In Late 1856 and early 1857, a case moved up to the Supreme Court that involved the issue of slavery in the territories. Scott was owned by an army doctor and had been taken along to live in Illinois, a free state, and then to Minnesota Territory, north of Missouri Compromise line.
Missouri law had on occasion held that slaves taken to free states or territories could be freed. While this might not happen on a visit, surely the long residence gave him a case. And at one level, he was held to be freed. The Missouri State Supreme Court held otherwise, saying the precedents did not apply because other states “were possessed with a dark spirit in relation to slavery” and thus it was time to take a harder line. When the statement ended with a statement about how slavery was given by the providence of God to put the Negro into the civilized world, you start to get the feeling that case-law has ceased to be the issue.
Given the political situation in the 1850s, with the issue of slavery in the territories becoming an increasingly hot subject. In February, when the time came to begin writing the decision, the court was split three ways – Four Southern Democrats wanted a ‘broad decision’ involving the Missouri Compromise, two Northern Democrats favored a narrow judgement against Scott without political overtones, and the Republican and Whig judges judged in Scott’s favor. So it was decided to have the court give a narrow decision against Scott.
But a few days later, something changed. Taney, the Chief Justice decided to write a broad opinion. Feeling he needed more support, he decided to pressure one of the narrow deciders, Justice Grier, to accept the broad decision. To do this, he appealed to the President Elect, Buchanan, who was from the same state, to add his influence.
Needless to say, this kind of log-rolling isn’t usually part of court decisions. And it gave a non-member insight into the decision, and influence. The President even alluded to the coming decision in his Inaugural Address.
Taney started out with the statement that blacks could never be considered as citizens of the United States, free or not free. Even if a state made one a citizen of a state, this still would not confer citizenship. This is directly contradicted by Article Four, Section Two, which directly states the opposite. Also, there were black citizens in several states at the time of the forming of the Constitution, so if the Founders had wanted to exclude them they could have done so.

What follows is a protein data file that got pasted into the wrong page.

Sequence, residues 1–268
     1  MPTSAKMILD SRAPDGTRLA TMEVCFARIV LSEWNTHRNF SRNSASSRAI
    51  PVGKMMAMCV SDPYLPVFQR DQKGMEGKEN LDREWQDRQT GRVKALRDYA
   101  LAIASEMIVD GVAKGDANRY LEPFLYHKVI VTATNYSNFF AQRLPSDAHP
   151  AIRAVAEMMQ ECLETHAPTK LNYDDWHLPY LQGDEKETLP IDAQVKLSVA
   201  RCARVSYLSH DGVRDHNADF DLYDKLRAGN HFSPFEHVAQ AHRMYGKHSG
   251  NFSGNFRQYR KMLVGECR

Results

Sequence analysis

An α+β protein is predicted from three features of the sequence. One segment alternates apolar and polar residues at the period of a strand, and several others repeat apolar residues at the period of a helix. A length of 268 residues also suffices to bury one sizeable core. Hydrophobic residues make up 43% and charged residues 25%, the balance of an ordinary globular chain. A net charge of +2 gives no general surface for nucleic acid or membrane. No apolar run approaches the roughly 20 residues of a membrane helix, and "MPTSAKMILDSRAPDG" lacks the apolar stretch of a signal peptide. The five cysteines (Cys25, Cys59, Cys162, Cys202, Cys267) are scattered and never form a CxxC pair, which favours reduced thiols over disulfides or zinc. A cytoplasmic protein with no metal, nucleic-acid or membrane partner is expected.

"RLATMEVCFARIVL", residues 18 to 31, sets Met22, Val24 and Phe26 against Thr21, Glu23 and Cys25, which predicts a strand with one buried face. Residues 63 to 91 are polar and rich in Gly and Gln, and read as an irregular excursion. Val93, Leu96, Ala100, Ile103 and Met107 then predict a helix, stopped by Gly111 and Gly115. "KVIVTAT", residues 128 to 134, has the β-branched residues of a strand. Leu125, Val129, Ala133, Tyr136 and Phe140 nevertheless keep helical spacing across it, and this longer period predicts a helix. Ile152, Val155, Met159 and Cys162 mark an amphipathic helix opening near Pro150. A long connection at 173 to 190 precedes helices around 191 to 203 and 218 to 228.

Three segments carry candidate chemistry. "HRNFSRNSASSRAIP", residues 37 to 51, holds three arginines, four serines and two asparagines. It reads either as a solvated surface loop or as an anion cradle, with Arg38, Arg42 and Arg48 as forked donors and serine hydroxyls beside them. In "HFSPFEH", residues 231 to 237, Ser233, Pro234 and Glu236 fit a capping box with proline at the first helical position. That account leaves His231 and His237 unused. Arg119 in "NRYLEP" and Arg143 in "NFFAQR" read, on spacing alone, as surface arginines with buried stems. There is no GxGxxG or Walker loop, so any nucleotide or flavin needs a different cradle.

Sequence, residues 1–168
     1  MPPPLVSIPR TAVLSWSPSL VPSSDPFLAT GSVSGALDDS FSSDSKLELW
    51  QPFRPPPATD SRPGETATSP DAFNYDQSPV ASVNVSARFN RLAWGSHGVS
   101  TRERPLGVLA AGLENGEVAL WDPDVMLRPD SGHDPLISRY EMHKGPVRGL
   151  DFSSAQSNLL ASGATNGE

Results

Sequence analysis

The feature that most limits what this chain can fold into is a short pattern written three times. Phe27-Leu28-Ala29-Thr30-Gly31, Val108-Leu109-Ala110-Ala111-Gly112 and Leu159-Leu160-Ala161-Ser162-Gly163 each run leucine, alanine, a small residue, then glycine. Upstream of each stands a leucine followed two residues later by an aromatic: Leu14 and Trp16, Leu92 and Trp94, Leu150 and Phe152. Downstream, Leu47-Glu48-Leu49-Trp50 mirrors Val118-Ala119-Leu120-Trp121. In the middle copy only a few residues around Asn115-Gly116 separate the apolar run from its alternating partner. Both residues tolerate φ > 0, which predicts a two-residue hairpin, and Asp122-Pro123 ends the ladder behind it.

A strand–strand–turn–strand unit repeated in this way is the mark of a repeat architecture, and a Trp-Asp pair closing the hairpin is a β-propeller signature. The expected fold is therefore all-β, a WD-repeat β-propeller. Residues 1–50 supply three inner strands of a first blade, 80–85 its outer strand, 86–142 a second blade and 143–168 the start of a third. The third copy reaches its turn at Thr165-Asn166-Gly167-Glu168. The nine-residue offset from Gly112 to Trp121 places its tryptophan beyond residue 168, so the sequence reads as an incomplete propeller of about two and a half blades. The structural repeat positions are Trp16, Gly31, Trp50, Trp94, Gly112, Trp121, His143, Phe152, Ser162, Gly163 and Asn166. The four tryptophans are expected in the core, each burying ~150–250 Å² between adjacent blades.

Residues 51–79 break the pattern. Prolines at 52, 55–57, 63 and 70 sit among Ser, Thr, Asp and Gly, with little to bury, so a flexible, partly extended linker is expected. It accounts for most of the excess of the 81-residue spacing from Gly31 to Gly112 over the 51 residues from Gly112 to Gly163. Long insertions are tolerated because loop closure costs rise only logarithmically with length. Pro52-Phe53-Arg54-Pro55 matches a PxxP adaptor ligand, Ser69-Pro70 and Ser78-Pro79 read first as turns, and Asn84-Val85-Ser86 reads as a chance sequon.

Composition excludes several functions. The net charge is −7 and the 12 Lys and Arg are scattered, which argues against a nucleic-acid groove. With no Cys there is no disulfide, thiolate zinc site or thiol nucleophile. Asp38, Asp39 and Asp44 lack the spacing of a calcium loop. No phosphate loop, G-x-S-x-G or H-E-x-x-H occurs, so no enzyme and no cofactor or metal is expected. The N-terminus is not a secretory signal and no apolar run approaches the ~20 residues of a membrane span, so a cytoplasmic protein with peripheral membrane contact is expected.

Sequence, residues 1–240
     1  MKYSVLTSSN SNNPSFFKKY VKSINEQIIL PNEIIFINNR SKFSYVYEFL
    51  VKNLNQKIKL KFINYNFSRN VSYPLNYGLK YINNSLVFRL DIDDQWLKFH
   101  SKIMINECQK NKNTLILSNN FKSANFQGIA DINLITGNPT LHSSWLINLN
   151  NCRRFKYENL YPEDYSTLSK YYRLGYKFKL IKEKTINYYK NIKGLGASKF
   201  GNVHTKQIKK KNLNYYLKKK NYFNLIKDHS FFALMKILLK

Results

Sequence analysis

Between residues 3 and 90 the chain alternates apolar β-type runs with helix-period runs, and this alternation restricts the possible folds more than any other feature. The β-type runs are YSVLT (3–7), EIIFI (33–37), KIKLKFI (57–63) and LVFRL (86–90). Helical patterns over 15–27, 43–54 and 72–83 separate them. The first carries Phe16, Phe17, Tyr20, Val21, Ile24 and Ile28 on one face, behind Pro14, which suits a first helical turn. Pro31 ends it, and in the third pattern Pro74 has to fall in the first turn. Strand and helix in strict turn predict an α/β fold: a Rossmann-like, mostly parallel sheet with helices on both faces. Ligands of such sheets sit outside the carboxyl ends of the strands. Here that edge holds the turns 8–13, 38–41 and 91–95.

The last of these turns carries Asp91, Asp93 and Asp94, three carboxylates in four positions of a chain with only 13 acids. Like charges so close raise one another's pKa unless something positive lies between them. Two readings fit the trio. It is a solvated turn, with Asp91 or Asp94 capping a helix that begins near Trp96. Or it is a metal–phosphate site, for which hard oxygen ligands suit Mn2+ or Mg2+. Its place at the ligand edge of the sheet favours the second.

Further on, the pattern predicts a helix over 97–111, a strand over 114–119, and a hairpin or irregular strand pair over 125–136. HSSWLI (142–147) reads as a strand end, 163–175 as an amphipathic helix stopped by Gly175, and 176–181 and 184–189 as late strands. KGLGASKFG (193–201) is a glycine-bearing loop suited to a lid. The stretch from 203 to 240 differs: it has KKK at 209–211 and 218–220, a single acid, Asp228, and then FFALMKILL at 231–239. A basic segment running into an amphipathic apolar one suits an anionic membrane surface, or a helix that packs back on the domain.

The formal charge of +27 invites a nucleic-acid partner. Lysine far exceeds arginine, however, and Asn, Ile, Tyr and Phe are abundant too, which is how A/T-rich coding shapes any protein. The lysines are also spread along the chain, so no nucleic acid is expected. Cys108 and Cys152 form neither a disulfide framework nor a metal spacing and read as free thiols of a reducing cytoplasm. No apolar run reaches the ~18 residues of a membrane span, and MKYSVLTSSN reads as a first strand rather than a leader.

Not content with denying citizenship, he went on to say that Negroes were so inferior that they had no rights that white men were bound to respect. This strange statement was flatly contradicted by every state in the Union, including slave states. Even in slave states, you couldn’t just murder a slave and not be in violation of law. They had some rights.
Having beaten the figurative black man enough, Taney turned to Congress. He then denied that Congress had the right to make laws about slavery in the Territories. The ordinance of 1787, which freed the Northwest Territories, was legal (according to Taney – two judges also nullified that), but even though the Constitution states that Congress can make all needful laws and regulations for them. The fact that Congress had done so eight times since made no difference.
Now this issue also was not a part of the original case. Scott wasn’t contending that the Minnesota Law was invalid or valid. So by inserting a new point into the case Taney had made another error, even neglecting the shaky foundations.
There was one more wrinkle in the case. When the two dissenters turned in their written judgement, they were surprised to find they couldn’t get a copy of Taney’s decision. Taney was too busy adding eighteen additional pages of rebuttal to his decision!
This was so irregular that one of the dissenting justices resigned over it
The effect of this decision in a legal sense was nil. Its attempt to in effect make the Republican Party platform unconstitutional was to heavy handed to affect Republicans. It had more of an effect on the Democrats, ironically, since the Northern Democrats were forming up around the theory that citizens of a territory could vote slavery in our out — Popular Sovereignty. Taney’s decision, if accepted, denied even that. So it drove a wedge into the increasing divide between the Northern and Southern wings of the party.
In 1858, during the Lincoln-Douglas debates, Lincoln forced Douglas to state his belief that Popular Sovereignty was legal. This would be enough to make him unacceptable enough to the Deep South Ultras that they split the party in 1860, allowing Lincoln to win the election.